Energy tsars call for cohesion on ‘enormous transition’

Australia’s energy tsars have sounded a warning on staying the course on the power network’s decarbonisation, with sustained investment essential nationwide.

“Doing nothing is not an option,” Australian Energy Market Operator chief executive Daniel Westerman told an industry conference in Melbourne on Wednesday.

Most of the decline in the nation’s greenhouse gas emissions is projected to come from the electricity sector under the 82 per cent national renewable electricity target.

As coal-fired power plants continue to retire and more wind, solar and big batteries come online, emissions in the electricity sector are projected to decline by more than three-quarters by 2035.

But the coalition has vowed to tear up interim targets, prolong the use of fossil fuel-fired energy generation, and repeal a longstanding nuclear ban to add reactors to the power mix to get to net-zero emissions by 2050.

Mr Westerman, responsible for the operations and planning of Australia’s energy systems and markets, said the “least-cost objective” was an important one and the latest Integrated System Plan (ISP), due for release within weeks, should provide confidence.

“The ISP reflects and aligns to federal and state government policies on emissions reductions to make net zero by 2050,” he said.

“As coal-fired power stations retire, renewables – connected with transition and distribution, supported by hydro, batteries and gas-fired power generation – is the lowest cost way to supply electricity to homes and businesses,” he said.

But he acknowledged the need to build trust in the community so that the plans for rebuilding the power system don’t land with a shock.

Damien Nicks, chief executive of Australia’s largest electricity generator and biggest emitter AGL, called for “stability in policies so that we can all get behind making billions of dollars of investment in this market.”

“We need all stakeholders working together … this is an enormous transition … we all need to coordinate to ensure we do this as efficiently as possible,” he told Australian Energy Week 2024.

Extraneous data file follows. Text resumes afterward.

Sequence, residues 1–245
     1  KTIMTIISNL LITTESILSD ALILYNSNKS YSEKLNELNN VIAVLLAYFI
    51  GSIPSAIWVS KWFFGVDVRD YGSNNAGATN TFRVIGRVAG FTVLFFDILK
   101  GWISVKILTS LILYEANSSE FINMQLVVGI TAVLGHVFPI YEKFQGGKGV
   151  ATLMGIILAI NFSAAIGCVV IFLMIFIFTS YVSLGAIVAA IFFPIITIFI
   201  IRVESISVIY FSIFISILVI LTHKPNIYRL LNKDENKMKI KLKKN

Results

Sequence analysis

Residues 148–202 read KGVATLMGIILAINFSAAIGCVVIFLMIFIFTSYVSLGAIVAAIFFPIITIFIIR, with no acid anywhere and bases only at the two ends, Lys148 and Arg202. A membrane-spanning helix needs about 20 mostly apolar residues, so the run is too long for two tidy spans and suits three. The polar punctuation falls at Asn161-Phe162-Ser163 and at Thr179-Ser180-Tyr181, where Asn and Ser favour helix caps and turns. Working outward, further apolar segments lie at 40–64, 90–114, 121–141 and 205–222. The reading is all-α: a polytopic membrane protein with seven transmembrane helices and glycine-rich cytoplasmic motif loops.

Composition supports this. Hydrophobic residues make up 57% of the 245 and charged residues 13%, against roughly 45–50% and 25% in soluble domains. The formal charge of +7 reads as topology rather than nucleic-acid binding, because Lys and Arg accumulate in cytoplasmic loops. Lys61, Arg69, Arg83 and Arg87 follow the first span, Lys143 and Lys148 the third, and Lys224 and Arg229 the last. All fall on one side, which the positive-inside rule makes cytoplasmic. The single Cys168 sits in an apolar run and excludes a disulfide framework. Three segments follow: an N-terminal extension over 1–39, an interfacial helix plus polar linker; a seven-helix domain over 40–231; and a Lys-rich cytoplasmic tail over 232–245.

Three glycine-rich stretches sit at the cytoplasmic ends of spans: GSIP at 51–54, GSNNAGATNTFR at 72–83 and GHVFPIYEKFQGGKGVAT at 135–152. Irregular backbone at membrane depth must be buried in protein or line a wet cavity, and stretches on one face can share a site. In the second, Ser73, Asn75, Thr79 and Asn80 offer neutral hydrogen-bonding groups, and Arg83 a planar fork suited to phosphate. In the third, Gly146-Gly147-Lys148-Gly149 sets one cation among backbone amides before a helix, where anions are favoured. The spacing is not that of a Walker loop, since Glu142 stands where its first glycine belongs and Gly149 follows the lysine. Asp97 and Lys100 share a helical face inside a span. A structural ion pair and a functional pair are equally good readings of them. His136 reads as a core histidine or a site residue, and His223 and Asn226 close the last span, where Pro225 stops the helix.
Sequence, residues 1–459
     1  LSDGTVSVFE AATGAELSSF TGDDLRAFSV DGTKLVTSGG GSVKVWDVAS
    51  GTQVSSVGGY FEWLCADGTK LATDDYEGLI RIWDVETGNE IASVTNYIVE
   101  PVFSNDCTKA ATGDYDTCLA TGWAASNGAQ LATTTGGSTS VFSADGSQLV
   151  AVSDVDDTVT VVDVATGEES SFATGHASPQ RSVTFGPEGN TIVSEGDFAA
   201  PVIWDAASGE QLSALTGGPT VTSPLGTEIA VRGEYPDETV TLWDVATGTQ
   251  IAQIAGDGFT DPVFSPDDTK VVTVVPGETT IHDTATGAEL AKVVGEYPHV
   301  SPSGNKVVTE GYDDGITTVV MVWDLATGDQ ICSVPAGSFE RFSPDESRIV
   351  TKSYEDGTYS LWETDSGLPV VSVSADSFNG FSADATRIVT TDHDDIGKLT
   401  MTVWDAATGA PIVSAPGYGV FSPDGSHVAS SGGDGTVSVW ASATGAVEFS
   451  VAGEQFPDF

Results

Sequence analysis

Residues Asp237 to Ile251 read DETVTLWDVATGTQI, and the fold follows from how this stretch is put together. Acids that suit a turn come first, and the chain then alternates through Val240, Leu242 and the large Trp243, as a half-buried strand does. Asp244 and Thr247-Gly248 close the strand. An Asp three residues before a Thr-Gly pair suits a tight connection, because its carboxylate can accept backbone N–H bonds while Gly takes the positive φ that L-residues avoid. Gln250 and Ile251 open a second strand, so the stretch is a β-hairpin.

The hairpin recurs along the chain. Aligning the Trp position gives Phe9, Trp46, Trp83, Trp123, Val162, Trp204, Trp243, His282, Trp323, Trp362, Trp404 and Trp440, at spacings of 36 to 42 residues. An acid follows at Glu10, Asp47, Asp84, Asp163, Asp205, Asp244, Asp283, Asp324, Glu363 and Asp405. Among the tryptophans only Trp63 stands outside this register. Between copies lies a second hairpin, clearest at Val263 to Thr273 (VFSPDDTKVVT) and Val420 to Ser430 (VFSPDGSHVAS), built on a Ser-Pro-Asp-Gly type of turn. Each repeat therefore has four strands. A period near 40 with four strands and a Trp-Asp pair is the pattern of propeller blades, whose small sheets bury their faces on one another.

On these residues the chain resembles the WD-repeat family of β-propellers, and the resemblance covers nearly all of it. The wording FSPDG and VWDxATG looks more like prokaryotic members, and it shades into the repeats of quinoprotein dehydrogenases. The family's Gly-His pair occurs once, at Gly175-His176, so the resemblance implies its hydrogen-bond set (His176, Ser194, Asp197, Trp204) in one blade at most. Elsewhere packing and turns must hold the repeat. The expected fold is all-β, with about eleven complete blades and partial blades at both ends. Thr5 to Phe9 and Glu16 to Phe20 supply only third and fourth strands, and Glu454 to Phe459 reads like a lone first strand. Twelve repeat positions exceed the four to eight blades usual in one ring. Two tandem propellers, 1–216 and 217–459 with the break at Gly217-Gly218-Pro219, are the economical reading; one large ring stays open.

Mr Nicks said customers would drive the energy transition and were already playing a “huge role in the market” with rooftop solar, batteries and the uptake of electric cars.

He said many of their customers were still on gas and it would “take time” to electrify, and the fossil fuel also had a place when there was a lack of wind or solar generation.

But households view gas and electricity providers as offering worse value for money and being less trustworthy than supermarkets, according to the latest Energy Consumer Sentiment Survey.

The survey by Energy Consumers Australia canvassed the views of more than 2100 households and 500 small business owners nationwide.

Despite a slight improvement in the past six months, value for money for electricity was lowest for households in NSW (52 per cent) and highest for SA (61 per cent).

Consumer advocate Brendan French said there were substantial savings on bills to be had for consumers who can upgrade their homes, but more and more Australians were experiencing energy stress.

“We want to see people on low incomes and people under financial pressure provided with enough financial supports to make these changes to their homes so they can access those cost savings,” he said


Marion Rae
(Australian Associated Press)


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